Why do drivers keep crashing at the last corner of CIS?

Just over 24 hours ago, images and video surfaced on social media of a Toyota GR Yaris that crashed so violently that it ended up on its side and atop a tire barrier at the Clark International Speedway (CIS).

The images were horrifying, to say the least. The limited-run homologation special has to be a total write-off, but thankfully the driver - himself a member of another media outlet - had a few cuts but otherwise, he was alright according to x-rays. There was no passenger, contrary to the gossip on social media.

The vehicle was a press car; one of the vehicles generally lent out to us for test drives and reviews. At the same time, he was driving it at the Clark circuit, I had the second GR Yaris press car at another circuit doing my own evaluation and test. But you'll see and read about it later on.

The smashing demise of the GR Yaris brings up an old topic especially amongst those who have driven or raced at Clark International Speedway: the final corner.

We should talk about Clark and the wrecked Toyota GR Yaris image

CIS layout on Assetto Corsa

I am very familiar with the circuit. I've driven during track days there, taken classes and training there, raced wheel-to-wheel there, and have been fortunate enough to win there. My take on the track is simple: it is deceptively unforgiving. Now that is true of many racing circuits. If you make a mistake big enough with the right series of unfortunate events or conditions, what you get is a disaster. But at Clark, it's hard to spot that tendency especially if you're new to the circuit.

The look of the circuit is deceptive because the terrain is flat, the tarmac is wide, and there is plenty of grass run-off. There are gravel traps to catch you in some places. The circuit is power-dependent and braking-heavy; the straights are long in between most of the corners on the northern part of the track. But even if you misjudge the braking for the uphill turn one left-hander, you have space to overshoot and recover. In other words, it looks like you have a wide safety net to make mistakes unlike other local tracks.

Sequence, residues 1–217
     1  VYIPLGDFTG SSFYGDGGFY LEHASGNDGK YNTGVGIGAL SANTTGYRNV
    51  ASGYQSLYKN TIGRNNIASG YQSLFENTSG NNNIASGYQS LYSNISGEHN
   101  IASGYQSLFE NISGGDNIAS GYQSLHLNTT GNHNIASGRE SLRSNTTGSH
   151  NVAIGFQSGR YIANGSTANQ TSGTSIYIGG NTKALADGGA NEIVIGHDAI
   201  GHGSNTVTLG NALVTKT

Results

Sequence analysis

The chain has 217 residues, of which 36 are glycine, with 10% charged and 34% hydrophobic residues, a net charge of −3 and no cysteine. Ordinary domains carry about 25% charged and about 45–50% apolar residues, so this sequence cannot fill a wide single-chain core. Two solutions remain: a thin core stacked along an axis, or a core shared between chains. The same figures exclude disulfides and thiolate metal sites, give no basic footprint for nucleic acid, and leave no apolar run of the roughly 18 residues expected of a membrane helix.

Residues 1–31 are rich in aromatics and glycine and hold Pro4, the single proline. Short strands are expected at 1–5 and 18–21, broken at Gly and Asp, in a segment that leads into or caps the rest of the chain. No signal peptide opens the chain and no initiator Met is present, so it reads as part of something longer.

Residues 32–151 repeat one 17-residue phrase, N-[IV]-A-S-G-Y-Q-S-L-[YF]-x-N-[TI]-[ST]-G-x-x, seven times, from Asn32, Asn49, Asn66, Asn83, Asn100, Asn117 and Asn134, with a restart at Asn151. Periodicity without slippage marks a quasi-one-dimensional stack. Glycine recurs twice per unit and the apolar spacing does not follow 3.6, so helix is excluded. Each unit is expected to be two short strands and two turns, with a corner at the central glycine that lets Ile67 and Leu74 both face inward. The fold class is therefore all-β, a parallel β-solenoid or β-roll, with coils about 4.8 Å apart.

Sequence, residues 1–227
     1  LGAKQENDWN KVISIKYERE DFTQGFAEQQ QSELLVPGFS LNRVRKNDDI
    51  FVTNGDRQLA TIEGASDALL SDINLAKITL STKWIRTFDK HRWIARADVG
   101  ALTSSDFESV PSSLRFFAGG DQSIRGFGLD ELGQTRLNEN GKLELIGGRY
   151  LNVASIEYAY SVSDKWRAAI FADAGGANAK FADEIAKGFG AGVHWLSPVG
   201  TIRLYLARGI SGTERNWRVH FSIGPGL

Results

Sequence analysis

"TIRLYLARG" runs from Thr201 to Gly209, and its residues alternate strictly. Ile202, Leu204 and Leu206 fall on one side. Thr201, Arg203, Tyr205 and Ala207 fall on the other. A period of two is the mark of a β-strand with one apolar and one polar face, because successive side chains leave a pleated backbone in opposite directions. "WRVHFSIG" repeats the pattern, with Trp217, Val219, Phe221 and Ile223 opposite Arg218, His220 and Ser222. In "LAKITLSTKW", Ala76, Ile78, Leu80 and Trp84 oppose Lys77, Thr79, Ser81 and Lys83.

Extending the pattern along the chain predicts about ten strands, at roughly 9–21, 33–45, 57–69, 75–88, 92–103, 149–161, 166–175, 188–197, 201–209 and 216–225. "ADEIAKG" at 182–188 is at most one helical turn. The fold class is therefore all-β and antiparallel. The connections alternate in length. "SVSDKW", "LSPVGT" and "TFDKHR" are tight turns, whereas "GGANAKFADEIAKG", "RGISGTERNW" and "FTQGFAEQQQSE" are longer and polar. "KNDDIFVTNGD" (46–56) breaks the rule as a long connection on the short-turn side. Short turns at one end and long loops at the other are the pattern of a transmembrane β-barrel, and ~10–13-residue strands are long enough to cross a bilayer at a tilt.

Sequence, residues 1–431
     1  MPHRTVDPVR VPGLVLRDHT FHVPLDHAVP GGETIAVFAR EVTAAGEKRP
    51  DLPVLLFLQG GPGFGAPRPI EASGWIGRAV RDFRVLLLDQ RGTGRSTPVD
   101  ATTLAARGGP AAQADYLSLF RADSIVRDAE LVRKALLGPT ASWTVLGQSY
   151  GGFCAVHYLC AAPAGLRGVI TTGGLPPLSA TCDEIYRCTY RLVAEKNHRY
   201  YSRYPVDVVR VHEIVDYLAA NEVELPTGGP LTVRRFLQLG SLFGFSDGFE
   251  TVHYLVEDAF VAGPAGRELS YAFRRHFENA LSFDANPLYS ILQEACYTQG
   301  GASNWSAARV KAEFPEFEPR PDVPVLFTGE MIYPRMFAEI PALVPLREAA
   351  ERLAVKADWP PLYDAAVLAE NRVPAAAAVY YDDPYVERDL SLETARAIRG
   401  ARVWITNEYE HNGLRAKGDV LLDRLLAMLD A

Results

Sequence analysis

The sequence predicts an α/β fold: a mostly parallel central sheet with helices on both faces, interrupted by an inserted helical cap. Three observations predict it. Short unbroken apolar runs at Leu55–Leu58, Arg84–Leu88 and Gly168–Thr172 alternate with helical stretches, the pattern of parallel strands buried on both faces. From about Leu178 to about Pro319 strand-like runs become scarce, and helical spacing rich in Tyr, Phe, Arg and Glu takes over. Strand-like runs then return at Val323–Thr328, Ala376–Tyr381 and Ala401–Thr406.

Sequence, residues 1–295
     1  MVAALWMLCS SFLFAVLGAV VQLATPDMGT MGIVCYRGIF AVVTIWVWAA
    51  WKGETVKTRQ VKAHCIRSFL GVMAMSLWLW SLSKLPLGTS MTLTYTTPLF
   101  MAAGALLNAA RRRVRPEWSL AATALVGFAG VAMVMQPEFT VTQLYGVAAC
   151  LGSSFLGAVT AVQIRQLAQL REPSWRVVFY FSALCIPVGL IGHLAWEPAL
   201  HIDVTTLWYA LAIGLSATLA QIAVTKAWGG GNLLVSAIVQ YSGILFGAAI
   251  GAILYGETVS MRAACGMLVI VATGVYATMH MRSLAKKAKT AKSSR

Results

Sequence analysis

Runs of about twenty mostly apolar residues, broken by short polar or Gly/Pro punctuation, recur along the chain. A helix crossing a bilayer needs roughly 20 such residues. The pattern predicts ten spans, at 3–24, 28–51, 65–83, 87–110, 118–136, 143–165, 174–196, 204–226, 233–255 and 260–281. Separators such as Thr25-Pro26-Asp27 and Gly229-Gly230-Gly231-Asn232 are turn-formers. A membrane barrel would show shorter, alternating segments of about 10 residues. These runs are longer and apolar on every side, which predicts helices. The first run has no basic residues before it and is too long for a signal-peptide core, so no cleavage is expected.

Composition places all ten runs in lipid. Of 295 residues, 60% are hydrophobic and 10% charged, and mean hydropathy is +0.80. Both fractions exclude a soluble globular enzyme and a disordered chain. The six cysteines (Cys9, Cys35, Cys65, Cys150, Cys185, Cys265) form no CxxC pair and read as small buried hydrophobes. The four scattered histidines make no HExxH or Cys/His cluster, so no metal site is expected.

We should talk about Clark and the wrecked Toyota GR Yaris image

Honda CR-Z taking on Brian's at BRC

The Batangas Racing Circuit (BRC) is very fast, flowing, bumpy, tricky, and off-camber in some places. There is no run-off in some places and sometimes the run-off slopes down into a ditch. Sometimes the wildlife would be a factor as the cows they have tied up to graze on some sections of the grassy areas would wander onto the circuit. Sometimes they would leave “landmines” that would create a stinky mess if you ran over it. Ask me how I know.

Perhaps the most dangerous corner there is Brian's: a fast, bumpy, and banked left-hander that you basically take at nearly full throttle for the straight afterward. An engineer named Brian with one of the teams wrecked a Formula Toyota there, hence the name. According to senior racing drivers, he survived. I wasn't there for that, but during one of the races (many years later) at BRC I saw a Ford Fiesta do a few cartwheels at Brian's (in)famous corner. 

We should talk about Clark and the wrecked Toyota GR Yaris image

Asian Formula 3 at SIR